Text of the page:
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U.K. ATC Meltdown 'One in 15-Million Event'

So States NATS CEO

The head of the U.K.’s National Air Traffic Services (NATS) has ascribed a 28 August 2023 breakdown of  the country’s local and en-route ATC network to a "one in 15-million" event occasioned by a single flight-plan bearing two identically-labeled markers.

The systemwide meltdown forced the cancellations of over 1,500 flights and stranded thousands of air-travelers across the European Union.

Faced with airlines’ calls for compensation for lost revenues, NATS CEO Martin Rolfe stated: "This was a one in 15-million chance. We've processed 15-million flight-plans with this system up until this point and never seen this before."

Rolfe averred in the hours following the breakdown of ATC services that the occurrence would not be repeated.

A preliminary report released by NATS set forth the so-called poison flight-plan met E.U. standards but included two disparate but identically-named waypoints outside U.K. airspace. The disparity apparently prompted the NATS computer network and its backup to enter a “fail-safe” mode. Faced with the dilemma of being able to neither accept the flight-plan in the absence of data pertaining to its ramifications, nor approving the flight-plan and risking the corruption of safety-critical air-traffic data, the system locked-up.

"It therefore stopped operating, avoiding any opportunity for incorrect data being passed to a controller," the NATS report stated.

International Air Transport Association (IATA) director general Willie Walsh asserted in a blog post that NATS management had "some serious explaining to do." Walsh argued monies from the NATS budget ought be allocated to not only repairing the self-evidently vulnerable U.K. ATC system, but to compensating airlines for revenues lost on account of the debacle.

In a video posted to “X” (formerly Twitter), Ryanair CEO Michael O’Leary opined the NATS report was “full of rubbish” and suggested “heads should roll” at NATS.

The U.K. Civil Aviation Authority (CAA)—the statutory corporation by which all aspects of civil aviation throughout the United Kingdom are overseen—will review the circumstances surrounding the NATS failure and make an assessment pertaining to whether or not further punitive or correctional action is necessary. So stated CAA interim CEO Rob Bishton.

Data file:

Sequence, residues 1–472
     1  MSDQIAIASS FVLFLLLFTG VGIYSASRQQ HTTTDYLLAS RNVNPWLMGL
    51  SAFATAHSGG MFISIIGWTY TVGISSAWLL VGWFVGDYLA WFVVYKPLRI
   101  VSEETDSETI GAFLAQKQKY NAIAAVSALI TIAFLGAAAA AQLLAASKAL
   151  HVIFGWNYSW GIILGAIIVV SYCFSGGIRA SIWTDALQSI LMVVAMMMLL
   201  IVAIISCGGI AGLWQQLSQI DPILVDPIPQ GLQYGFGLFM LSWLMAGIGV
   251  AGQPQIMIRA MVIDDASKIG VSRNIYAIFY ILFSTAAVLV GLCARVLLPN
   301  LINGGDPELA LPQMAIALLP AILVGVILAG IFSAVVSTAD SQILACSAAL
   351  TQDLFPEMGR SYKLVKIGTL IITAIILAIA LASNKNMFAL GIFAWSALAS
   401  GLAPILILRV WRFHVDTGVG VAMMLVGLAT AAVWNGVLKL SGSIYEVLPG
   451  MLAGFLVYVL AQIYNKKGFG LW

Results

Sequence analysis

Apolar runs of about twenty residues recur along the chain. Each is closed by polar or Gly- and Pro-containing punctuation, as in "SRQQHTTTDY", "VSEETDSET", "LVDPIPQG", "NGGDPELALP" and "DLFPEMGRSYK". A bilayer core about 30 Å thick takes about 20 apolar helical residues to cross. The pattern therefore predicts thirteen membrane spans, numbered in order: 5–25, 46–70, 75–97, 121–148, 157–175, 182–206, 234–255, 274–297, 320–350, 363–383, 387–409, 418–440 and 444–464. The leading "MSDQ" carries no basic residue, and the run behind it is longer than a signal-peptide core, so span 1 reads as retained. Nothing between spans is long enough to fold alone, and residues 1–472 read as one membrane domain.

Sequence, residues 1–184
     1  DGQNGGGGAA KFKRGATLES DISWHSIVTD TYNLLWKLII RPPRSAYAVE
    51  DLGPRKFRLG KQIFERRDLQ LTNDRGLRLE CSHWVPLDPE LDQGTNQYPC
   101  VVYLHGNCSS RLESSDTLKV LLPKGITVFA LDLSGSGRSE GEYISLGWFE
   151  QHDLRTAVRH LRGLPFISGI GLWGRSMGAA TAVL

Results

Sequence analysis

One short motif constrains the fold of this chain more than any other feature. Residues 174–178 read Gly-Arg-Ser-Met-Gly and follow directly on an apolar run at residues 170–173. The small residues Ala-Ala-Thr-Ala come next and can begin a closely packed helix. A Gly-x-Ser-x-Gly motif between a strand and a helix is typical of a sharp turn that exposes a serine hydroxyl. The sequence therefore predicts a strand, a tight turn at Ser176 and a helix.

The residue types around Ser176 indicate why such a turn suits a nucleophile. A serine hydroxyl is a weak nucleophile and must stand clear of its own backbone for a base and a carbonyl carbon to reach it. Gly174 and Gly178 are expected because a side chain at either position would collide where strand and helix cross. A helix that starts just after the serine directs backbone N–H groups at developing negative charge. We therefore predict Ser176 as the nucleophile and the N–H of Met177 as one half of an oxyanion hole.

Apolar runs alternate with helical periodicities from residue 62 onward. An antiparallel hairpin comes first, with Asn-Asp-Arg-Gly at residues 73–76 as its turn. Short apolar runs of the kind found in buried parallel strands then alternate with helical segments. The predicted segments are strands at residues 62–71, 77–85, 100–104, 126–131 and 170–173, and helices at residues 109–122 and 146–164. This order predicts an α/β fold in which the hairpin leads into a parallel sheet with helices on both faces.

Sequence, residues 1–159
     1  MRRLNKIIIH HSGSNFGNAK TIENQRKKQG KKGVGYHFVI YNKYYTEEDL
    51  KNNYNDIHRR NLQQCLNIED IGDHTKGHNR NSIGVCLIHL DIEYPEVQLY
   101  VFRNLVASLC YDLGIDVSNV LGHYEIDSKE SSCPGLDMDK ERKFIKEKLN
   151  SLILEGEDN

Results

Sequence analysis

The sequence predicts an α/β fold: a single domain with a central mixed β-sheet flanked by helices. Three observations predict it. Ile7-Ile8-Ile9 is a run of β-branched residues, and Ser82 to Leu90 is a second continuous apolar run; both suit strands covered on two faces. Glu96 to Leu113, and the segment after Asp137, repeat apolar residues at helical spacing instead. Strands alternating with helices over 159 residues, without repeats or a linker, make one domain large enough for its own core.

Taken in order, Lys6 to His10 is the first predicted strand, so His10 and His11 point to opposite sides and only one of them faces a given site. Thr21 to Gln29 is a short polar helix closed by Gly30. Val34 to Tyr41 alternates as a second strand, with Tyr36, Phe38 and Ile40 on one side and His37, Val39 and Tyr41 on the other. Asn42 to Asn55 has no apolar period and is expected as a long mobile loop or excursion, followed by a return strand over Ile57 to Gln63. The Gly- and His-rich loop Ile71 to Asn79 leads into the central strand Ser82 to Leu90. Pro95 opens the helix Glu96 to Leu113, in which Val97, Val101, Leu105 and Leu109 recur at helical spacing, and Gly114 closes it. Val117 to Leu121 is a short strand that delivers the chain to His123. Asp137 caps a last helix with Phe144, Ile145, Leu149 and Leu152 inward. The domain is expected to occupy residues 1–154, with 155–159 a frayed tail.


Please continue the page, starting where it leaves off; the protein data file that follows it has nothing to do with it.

IATA estimated the delayed and canceled flights resultant of the NATS ATC SNAFU could cost airlines up to £100-million ($126-million). Under E.U. law, passengers may, in the event of flight cancellation, collect compensation for hotel stays and replacement ticket purchases from the airlines by which they were inconvenienced.

British multinational low-cost air-carrier easyJet contended the NATS report left key questions unanswered and called for a comprehensive examination of the organization’s resources and IT systems for purpose of ensuring “it is fit for purpose today and in the future.”

Unlike the federalized U.S. ATC system, which is organized, managed, and implemented by the Federal Aviation Administration, NATS is a public-private partnership comprising a 51-percent private-sector stake. By way of breakdown, 49-percent of NATS—the golden share—is held by the U.K. government; 42-percent is held by the International Airline Group, an Anglo-Spanish multinational airline holding company formed in 2011 following a merger agreement between British Airways and Iberia; five-percent is held by NATS employees, and four-percent is held by U.K. airport operator LHR (London Heathrow) Airports Ltd.

NATS is split into two primary entities: NATS En-Route PLC (NERL) and NATS Services Ltd (NSL).

NERL is the sole-provider of civilian en-route air traffic control over the U.K. and is regulated by the CAA. NERL is funded by fees charged by Eurocontrol for the provision of air traffic services.

Conversely, NSL competes for contracts to provide approach, departure, and VFR control tower services at airports in the UK and overseas. Also, NSL provides ATC-related services the likes of engineering, consultancy, information services, and air traffic controller training.

FMI: www.nats.aero

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